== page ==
Face­book to clamp down on who can cash in on ads

Kuwait Times - - BUSINESS -

Face­book has tight­ened its rules on who can make money from ad­ver­tis­ing on its net­work, re­spond­ing to crit­i­cism that it is too sim­ple for providers of fake news and sen­sa­tional head­lines to cash in. The world’s largest so­cial net­work im­ple­mented the new stan­dards with im­me­di­ate ef­fect to make it clearer which pub­lish­ers can earn money on Face­book and with what con­tent. The new stan­dards co­in­cided with an ap­pear­ance by Chief Op­er­at­ing Of­fi­cer Sheryl Sand­berg in Ger­many, one of Face­book’s tough­est crit­ics on hate speech and safe­guard­ing pri­vacy.

Face­book, to­gether with Al­pha­bet’s Google, ac­counts for around two fifths of in­ter­net ad­ver­tis­ing, which is forecast by con­sul­tancy Zenith to grow by 13 per­cent to $205 bil­lion this year - over­tak­ing tele­vi­sion as the big­gest chan­nel for com­pa­nies to pitch their wares to con­sumers.

Mar­ket­ing ex­ec­u­tives have crit­i­cized Face­book for fail­ing to en­sure that the dig­i­tal ads dis­trib­uted to its more than 2 bil­lion ac­tive users reach their in­tended au­di­ence.

It has also drawn crit­i­cism from ma­jor ad­ver­tis­ers for in­flat­ing its au­di­ence fig­ures and not ad­e­quately track­ing ads, which were some­times placed along­side con­tent detri­men­tal to the brands be­ing pro­moted.

Yes­ter­day, Face­book said it would seek ac­cred­i­ta­tion from the Me­dia Rat­ings Coun­cil, a US non-profit or­ga­ni­za­tion, for au­di­ence mea­sure­ment ser­vices. “We take very se­ri­ously our re­spon­si­bil­ity to earn and main­tain the trust of peo­ple in busi­nesses,” Sand­berg told dmexco, a ma­jor dig­i­tal mar­ket­ing gath­er­ing in Cologne. “We hear their con­cerns about safe en­vi­ron­ments, about stan­dards, about mea­sure­ment, and this is crit­i­cal to us,” she said. “We’re work­ing hard to roll things out that give you more con­trol over where your ads run, and more knowl­edge about where your ads run, be­fore, dur­ing and af­ter cam­paign.”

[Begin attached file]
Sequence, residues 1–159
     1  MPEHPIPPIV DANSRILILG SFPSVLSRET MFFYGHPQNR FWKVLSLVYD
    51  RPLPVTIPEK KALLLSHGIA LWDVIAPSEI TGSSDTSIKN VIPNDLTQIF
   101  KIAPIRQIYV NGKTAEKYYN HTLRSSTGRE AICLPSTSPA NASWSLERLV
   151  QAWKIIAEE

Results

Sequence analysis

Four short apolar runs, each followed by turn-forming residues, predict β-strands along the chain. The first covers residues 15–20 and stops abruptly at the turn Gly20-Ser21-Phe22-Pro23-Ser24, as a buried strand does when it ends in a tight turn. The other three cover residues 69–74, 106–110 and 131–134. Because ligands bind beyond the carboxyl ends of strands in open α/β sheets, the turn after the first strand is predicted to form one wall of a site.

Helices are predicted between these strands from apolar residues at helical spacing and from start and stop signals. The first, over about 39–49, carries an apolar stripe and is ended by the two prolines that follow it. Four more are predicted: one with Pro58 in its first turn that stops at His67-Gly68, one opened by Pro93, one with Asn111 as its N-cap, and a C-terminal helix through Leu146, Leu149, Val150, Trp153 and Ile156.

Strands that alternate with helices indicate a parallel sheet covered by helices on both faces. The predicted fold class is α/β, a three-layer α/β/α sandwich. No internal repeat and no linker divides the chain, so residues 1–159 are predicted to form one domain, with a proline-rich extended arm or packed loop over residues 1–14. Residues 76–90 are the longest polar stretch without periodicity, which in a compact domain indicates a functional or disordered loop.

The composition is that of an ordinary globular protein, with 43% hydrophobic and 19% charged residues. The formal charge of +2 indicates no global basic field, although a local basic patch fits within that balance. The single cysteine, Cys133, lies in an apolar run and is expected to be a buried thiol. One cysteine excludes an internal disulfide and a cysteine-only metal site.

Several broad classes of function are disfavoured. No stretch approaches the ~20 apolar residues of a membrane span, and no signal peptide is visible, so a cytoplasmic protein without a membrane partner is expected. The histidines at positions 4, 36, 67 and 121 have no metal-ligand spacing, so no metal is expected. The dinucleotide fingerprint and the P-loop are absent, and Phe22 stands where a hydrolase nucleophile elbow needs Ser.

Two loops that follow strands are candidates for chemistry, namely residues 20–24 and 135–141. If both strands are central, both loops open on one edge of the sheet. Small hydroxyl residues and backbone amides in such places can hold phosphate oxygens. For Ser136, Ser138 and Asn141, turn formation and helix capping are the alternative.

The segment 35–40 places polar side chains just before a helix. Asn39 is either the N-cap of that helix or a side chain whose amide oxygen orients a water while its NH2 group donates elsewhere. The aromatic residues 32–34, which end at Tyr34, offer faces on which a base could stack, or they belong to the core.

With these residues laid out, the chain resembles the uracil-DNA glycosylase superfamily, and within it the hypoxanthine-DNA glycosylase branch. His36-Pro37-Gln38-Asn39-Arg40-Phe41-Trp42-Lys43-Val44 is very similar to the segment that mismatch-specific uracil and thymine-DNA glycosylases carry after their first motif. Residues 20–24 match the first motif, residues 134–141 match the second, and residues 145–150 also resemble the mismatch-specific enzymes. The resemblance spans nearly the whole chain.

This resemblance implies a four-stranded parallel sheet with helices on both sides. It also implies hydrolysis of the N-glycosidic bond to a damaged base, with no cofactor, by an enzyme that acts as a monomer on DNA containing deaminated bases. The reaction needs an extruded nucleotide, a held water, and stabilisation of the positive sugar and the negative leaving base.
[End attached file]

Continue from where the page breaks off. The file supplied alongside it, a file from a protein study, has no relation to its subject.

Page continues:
To make money on Face­book in fu­ture, con­tent cre­ators and pub­lish­ers will have to com­ply with its so-called com­mu­nity stan­dards, which seek to en­sure that con­tent is au­then­tic, not of­fen­sive and ad­heres to its guide­lines. Those pub­lish­ing con­tent flagged as mis­in­for­ma­tion or false news may be ruled in­el­i­gi­ble to profit from Face­book, as would cre­ators of click­bait and sen­sa­tion­al­ism, ac­cord­ing to the rules seen by Reuters.

Face­book’s guide­lines for mon­e­ti­za­tion give broad def­i­ni­tions of con­tent that would be dis­al­lowed - in­clud­ing “fam­ily en­ter­tain­ment char­ac­ters en­gaged in vi­o­lent, sex­u­al­ized, or oth­er­wise in­ap­pro­pri­ate be­hav­ior”.

Also cov­ered are depic­tions of death, ca­su­al­ties and phys­i­cal in­juries in tragedies such as nat­u­ral dis­as­ters; and con­tent that is in­cen­di­ary, in­flam­ma­tory, de­mean­ing or dis­parag­ing to­wards peo­ple or groups. Face­book said it will pro­vide post-cam­paign feed­back to ad­ver­tis­ers that clearly iden­ti­fies the pub­lish­ers that ran their ads. Face­book will also step up its mon­i­tor­ing of hate speech, adding 3,000 con­tent re­view­ers to nearly dou­ble the size of its ex­ist­ing team, Se­nior Vice Pres­i­dent for Global Mar­ket­ing So­lu­tions Carolyn Ever­son said in a blog post. “As soon as we de­ter­mine that con­tent has breached our com­mu­nity stan­dards, we re­move it. With a com­mu­nity as large as Face­book, how­ever, zero tol­er­ance can­not mean zero oc­cur­rence,” she said.

Ger­many has led the way in de­mand­ing ac­tion on hate speech. Its par­lia­ment passed a law in June to in­tro­duce fines of up to 50 mil­lion eu­ros ($60 mil­lion) for so­cial me­dia net­works if they fail to re­move hate­ful post­ings promptly. — Reuters

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